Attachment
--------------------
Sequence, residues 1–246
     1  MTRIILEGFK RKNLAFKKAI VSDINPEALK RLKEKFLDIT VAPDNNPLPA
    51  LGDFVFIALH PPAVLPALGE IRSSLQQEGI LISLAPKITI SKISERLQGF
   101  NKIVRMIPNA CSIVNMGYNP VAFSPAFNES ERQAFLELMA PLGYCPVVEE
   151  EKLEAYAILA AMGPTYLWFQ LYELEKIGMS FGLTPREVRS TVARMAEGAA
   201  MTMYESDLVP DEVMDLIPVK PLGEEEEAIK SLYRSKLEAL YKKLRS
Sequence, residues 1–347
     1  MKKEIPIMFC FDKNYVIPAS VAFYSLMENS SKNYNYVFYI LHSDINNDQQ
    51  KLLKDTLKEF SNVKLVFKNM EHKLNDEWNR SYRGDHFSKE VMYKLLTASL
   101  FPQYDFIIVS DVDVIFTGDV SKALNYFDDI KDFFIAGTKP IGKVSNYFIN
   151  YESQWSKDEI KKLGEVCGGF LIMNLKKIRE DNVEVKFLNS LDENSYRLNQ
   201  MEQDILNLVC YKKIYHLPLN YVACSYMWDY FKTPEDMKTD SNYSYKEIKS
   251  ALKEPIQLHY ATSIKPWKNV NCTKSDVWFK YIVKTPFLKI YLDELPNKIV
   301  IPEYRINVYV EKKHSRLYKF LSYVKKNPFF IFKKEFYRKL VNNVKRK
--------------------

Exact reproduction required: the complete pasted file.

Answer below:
Sequence, residues 1–246
     1  MTRIILEGFK RKNLAFKKAI VSDINPEALK RLKEKFLDIT VAPDNNPLPA
    51  LGDFVFIALH PPAVLPALGE IRSSLQQEGI LISLAPKITI SKISERLQGF
   101  NKIVRMIPNA CSIVNMGYNP VAFSPAFNES ERQAFLELMA PLGYCPVVEE
   151  EKLEAYAILA AMGPTYLWFQ LYELEKIGMS FGLTPREVRS TVARMAEGAA
   201  MTMYESDLVP DEVMDLIPVK PLGEEEEAIK SLYRSKLEAL YKKLRS
Sequence, residues 1–347
     1  MKKEIPIMFC FDKNYVIPAS VAFYSLMENS SKNYNYVFYI LHSDINNDQQ
    51  KLLKDTLKEF SNVKLVFKNM EHKLNDEWNR SYRGDHFSKE VMYKLLTASL
   101  FPQYDFIIVS DVDVIFTGDV SKALNYFDDI KDFFIAGTKP IGKVSNYFIN
   151  YESQWSKDEI KKLGEVCGGF LIMNLKKIRE DNVEVKFLNS LDENSYRLNQ
   201  MEQDILNLVC YKKIYHLPLN YVACSYMWDY FKTPEDMKTD SNYSYKEIKS
   251  ALKEPIQLHY ATSIKPWKNV NCTKSDVWFK YIVKTPFLKI YLDELPNKIV
   301  IPEYRINVYV EKKHSRLYKF LSYVKKNPFF IFKKEFYRKL VNNVKRK